Despite what you may have heard, the Supreme Court will not consider whether lying in politics violates the First Amendment.
That's certainly a juicy question, but the one before the high court Tuesday is a far more technical one: whether the anti-abortion rights group Susan B. Anthony List can challenge an Ohio law criminalizing knowingly false speech in political campaigns even though the group is not in danger of impending prosecution. Experts say the Supreme Court is more likely to agree that Susan B. Anthony List has reason to challenge the law and send it back to the lower courts than strike it down themselves.
"I think what they will do is make it very easy when they send it down to the lower court for that court to strike it down, and I think that's the way it'll stay," says Ilya Shapiro, an attorney with the libertarian Cato Institute. "We have laws against slander, we have laws against defamation, but anything that doesn't rise that high should be fair game for the court of public opinion."
Though it never actually went up, Susan B. Anthony List bought a billboard in 2010 attacking Ohio Democratic Rep. Steven Driehaus's vote for the Affordable Care Act as a "vote for taxpayer funded abortion." Susan B. Anthony List's definition of "taxpayer funded abortion" is misleading.
Public funds for abortion have been barred since the 1970s thanks to Illinois Republican Rep. Henry Hyde, who helped lead a moral crusade against Bill Clinton over his affair with Monica Lewinsky despite his own marital indiscretions. President Barack Obama had to sign an executive order to further reassure former Michigan Democratic Rep. Bart Stupak and his anti-abortion cadre that the health care reform bill wouldn't fund abortion just to secure their votes. Susan B. Anthony List would no doubt argue that subsidies to help Americans purchase health insurance constitute funding for abortion, but by the "money is fungible" definition any politician who ever voted for a tax break of any kind has potentially sent taxpayer funds to an abortion piggy bank.
Driehaus wasn't happy with the billboard, so he filed a complaint with the Ohio Elections Commission, which found probable cause that Susan B. Anthony List's billboard had run afoul of the law. Like many other Democrats, Driehaus got walloped in the 2010 election and so the complaint was ultimately withdrawn, since it no longer mattered.
Susan B. Anthony List though, has every intention of funding more misleading ads against Democrats, and argues that even though there's no longer a pending case against them, since they fully intend to engage in the kind of campaigning they did in 2010, the Ohio law infringes on their First Amendment rights.
"We agree that it chills their speech because their speech has been already subject to an administrative complaint," says Steven Shapiro of the American Civil Liberties Union. "They have reason to be worried about the next election, if they do what they say they're going to do, which is engage in similar speech again."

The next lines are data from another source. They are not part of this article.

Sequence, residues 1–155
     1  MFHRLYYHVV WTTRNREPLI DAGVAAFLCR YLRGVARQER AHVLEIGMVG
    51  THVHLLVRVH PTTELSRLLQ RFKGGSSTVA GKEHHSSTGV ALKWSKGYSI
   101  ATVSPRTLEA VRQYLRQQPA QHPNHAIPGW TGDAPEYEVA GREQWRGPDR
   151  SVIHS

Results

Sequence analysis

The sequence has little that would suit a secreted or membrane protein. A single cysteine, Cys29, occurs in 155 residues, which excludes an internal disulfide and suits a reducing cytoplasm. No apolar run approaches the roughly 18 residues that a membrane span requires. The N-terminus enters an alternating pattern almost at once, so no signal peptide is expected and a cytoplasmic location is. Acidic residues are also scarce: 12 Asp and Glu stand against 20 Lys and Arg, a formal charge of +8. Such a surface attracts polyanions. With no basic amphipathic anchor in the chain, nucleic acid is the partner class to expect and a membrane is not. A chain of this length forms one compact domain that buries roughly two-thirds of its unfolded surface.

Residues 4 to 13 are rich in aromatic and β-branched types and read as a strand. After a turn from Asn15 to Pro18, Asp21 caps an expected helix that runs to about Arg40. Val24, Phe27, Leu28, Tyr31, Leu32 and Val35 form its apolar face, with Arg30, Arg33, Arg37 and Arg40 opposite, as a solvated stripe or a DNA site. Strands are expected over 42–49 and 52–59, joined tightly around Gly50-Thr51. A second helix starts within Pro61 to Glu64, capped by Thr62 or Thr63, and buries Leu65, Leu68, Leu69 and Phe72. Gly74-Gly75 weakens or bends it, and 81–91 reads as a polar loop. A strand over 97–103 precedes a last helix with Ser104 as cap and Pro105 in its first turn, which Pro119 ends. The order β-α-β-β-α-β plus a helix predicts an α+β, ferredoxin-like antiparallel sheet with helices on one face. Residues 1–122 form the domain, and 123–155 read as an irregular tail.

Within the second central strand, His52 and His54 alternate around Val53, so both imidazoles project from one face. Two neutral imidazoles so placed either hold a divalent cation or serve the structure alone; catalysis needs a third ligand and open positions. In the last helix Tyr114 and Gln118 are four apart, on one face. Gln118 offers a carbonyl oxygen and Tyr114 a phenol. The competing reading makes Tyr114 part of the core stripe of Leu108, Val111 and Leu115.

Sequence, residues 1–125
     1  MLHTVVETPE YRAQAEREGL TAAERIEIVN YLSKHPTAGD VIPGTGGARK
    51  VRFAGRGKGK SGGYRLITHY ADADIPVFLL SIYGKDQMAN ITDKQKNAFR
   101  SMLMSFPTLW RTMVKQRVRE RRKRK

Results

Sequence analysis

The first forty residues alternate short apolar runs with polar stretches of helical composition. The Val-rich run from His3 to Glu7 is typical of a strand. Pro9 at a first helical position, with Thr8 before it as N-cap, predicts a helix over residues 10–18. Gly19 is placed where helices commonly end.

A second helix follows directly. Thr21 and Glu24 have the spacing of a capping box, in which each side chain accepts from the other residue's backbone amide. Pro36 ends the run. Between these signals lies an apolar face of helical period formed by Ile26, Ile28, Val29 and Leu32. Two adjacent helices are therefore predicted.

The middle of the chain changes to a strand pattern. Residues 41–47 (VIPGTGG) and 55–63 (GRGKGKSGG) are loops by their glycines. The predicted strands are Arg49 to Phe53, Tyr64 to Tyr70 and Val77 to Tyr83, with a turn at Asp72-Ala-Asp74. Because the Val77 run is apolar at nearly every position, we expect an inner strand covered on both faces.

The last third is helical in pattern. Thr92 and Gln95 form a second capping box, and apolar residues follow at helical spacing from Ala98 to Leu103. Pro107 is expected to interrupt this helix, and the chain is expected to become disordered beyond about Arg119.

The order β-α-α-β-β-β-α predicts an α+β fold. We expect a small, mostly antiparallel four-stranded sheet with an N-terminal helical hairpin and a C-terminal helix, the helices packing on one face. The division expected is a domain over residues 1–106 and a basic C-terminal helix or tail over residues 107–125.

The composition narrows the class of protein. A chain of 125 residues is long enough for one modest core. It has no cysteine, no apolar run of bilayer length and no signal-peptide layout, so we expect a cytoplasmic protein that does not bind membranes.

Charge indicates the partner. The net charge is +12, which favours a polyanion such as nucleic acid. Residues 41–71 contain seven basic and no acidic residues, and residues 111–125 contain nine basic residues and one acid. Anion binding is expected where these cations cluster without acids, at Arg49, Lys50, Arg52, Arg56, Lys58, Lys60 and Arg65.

When it comes to abortion, the ACLU is against everything Susan B. Anthony List stands for. The group actively fights restrictions on abortion as infringements on women's rights -- yet filed a brief agreeing with Susan B. Anthony List.
This isn't too surprising, though; the ACLU regularly defends the right of individuals to express views they find abhorrent. They're not alone in their skepticism of the Ohio law -- while dozens of briefs have been filed in the case, not a single amicus brief appears to have been filed on Ohio's side. Ohio's Republican Attorney General Mike DeWine even filed two briefs: one defending the law in his government capacity, and another suggesting the law is unconstitutional.
As incensed as liberals might be about the Supreme Court's quest to facilitate total billionaire capture of American politics, the idea of a state-run Politifact that has the power to fine you or throw you in jail should give everyone pause.Lies in politics can frustrate voters, but the last thing the system needs is for the state to arbitrate heated political arguments. Disagreements can't always be settled by facts, sometimes the truth really does come down to interpretation, and two contradictory views can both be defensible. Imagine a Democrat running against Paul Ryan's health care plan being prosecuted for saying the Ryan plan "ends Medicare."
For the pessimistic, the court of public opinion may resemble Bane's takeover of Gotham City. But for what it's worth, politicians probably pay a steeper price for lying now than ever before. The Internet helps spread lies, but it also helps correct them.
The minds of political partisans are notoriously resistant to the truth -- one study found that partisans can grow more attached to their incorrect views when confronted with reality -- but politicians tend to be more sensitive. According to political scientists Brendan Nyhan of Dartmouth College and Jason Reifler of the University of Exeter, politicians were "less likely to make inaccurate statements" when warned about the risk of being caught making stuff up.
As Justice Louis Brandeis put it, "the fitting remedy for evil counsels is good ones."